The findings from the home study and all the documents submitted by the family are compiled into a final home study report. The entire process can take up to 90 days to complete. It is best to get started on your Home Study as soon as you decide to adopt.

How Do I Prepare for a Home Study?

While the home study process is designed to screen families in, rather than out, it is still possible to fail. So, if you’re worried about the home study, “there are a few things you can do to prepare,” says Julia K. Porter, Family Handyman.

  • To start the home study process in Maryland, call Adoption Makes Family at 410-683-2100 for more information. Or you can also download the application here and send it to the agency with the $400 application fee. The home study must be completed by an agency licensed in the State in which you live.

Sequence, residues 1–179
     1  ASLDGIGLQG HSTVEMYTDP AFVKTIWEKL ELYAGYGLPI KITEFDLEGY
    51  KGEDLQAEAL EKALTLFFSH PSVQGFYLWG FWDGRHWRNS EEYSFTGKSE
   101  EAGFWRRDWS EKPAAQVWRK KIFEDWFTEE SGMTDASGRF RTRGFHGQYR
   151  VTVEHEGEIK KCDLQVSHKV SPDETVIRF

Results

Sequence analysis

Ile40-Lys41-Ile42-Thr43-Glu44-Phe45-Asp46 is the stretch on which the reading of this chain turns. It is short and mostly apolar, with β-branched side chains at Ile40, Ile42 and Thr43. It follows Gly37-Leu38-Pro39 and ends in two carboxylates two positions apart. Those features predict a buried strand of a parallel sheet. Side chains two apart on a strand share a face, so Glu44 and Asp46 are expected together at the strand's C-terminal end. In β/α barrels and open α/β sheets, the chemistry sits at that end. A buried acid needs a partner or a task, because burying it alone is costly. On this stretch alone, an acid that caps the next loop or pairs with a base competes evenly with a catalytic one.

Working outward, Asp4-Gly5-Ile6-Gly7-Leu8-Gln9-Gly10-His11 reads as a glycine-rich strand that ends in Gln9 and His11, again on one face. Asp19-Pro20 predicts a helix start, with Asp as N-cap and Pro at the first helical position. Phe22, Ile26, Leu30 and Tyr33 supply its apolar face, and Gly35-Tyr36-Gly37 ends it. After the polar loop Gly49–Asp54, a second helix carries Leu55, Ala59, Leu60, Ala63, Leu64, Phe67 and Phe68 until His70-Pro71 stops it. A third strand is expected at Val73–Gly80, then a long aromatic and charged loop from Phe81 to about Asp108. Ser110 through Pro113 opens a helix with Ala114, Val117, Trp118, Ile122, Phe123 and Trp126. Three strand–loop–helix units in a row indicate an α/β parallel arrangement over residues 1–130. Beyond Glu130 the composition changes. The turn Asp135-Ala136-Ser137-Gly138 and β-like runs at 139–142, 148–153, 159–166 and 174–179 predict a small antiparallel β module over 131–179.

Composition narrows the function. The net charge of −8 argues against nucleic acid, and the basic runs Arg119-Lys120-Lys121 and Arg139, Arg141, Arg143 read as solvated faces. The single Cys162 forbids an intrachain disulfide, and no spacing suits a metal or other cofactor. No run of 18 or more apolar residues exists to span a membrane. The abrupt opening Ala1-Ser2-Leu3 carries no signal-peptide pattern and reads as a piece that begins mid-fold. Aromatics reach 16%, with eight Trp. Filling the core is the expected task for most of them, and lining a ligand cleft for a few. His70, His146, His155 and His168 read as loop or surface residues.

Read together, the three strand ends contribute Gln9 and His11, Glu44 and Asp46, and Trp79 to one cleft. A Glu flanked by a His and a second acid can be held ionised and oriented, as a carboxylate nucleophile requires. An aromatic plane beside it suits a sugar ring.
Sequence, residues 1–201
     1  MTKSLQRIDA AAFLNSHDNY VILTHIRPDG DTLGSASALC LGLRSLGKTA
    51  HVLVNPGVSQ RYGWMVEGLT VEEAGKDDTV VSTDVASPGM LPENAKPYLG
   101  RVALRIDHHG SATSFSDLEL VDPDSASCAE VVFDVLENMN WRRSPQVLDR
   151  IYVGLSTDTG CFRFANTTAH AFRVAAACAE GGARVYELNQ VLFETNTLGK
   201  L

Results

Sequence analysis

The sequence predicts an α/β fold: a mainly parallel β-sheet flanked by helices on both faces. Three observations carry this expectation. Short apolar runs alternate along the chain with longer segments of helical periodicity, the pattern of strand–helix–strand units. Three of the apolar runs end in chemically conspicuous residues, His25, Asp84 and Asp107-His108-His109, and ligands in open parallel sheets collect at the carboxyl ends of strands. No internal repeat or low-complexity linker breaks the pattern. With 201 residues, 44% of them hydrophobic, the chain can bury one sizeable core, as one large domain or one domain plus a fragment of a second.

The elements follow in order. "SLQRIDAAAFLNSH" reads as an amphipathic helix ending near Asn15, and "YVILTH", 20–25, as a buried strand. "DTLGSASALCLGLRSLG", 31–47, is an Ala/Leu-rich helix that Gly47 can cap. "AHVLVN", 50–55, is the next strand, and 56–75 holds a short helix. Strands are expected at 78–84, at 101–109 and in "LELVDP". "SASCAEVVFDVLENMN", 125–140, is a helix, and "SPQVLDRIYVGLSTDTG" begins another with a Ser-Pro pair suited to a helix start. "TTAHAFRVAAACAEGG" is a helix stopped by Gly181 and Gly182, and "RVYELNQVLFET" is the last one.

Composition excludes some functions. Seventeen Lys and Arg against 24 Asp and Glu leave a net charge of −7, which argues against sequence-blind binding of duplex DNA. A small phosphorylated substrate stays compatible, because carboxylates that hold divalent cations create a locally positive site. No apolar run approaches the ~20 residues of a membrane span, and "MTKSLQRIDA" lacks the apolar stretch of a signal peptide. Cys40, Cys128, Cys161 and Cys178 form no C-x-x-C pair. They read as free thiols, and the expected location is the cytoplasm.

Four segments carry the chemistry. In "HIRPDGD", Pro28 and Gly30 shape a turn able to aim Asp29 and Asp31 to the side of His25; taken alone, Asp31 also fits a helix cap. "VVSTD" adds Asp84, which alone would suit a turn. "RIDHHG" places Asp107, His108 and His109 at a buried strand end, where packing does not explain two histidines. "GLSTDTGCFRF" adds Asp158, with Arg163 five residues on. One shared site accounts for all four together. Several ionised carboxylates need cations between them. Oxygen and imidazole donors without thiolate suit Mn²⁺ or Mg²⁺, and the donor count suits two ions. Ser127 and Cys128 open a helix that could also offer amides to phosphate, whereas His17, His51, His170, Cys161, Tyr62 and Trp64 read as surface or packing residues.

• You can begin to gather necessary documents. “It is best that families not start to collect documents until they start the home study,” suggests Dean Kirschner, Ph.D., LCSW-C. “Some documents require specific forms that are provided by the agency.” Documents you may need to gather include: Potential adoptive parents autobiographies, financial information, disciplinary statement, copy of birth certificate of each member of the family, copy of marriage license, copy of divorces decrees(s) if applicable, military discharge(s) (if applicable), most recent income tax return, employment verifications (letter from employer or most recent pay stub) or non-working spouse statement (if applicable), physician health statements, copies of drivers licenses, reference letters, pet vaccination records, proof of insurance (home, health, auto, life), passports, green card(s), and any additional documents your state or agency may require for your home study. For a full list of what is needed, talk to your adoption agency or social worker.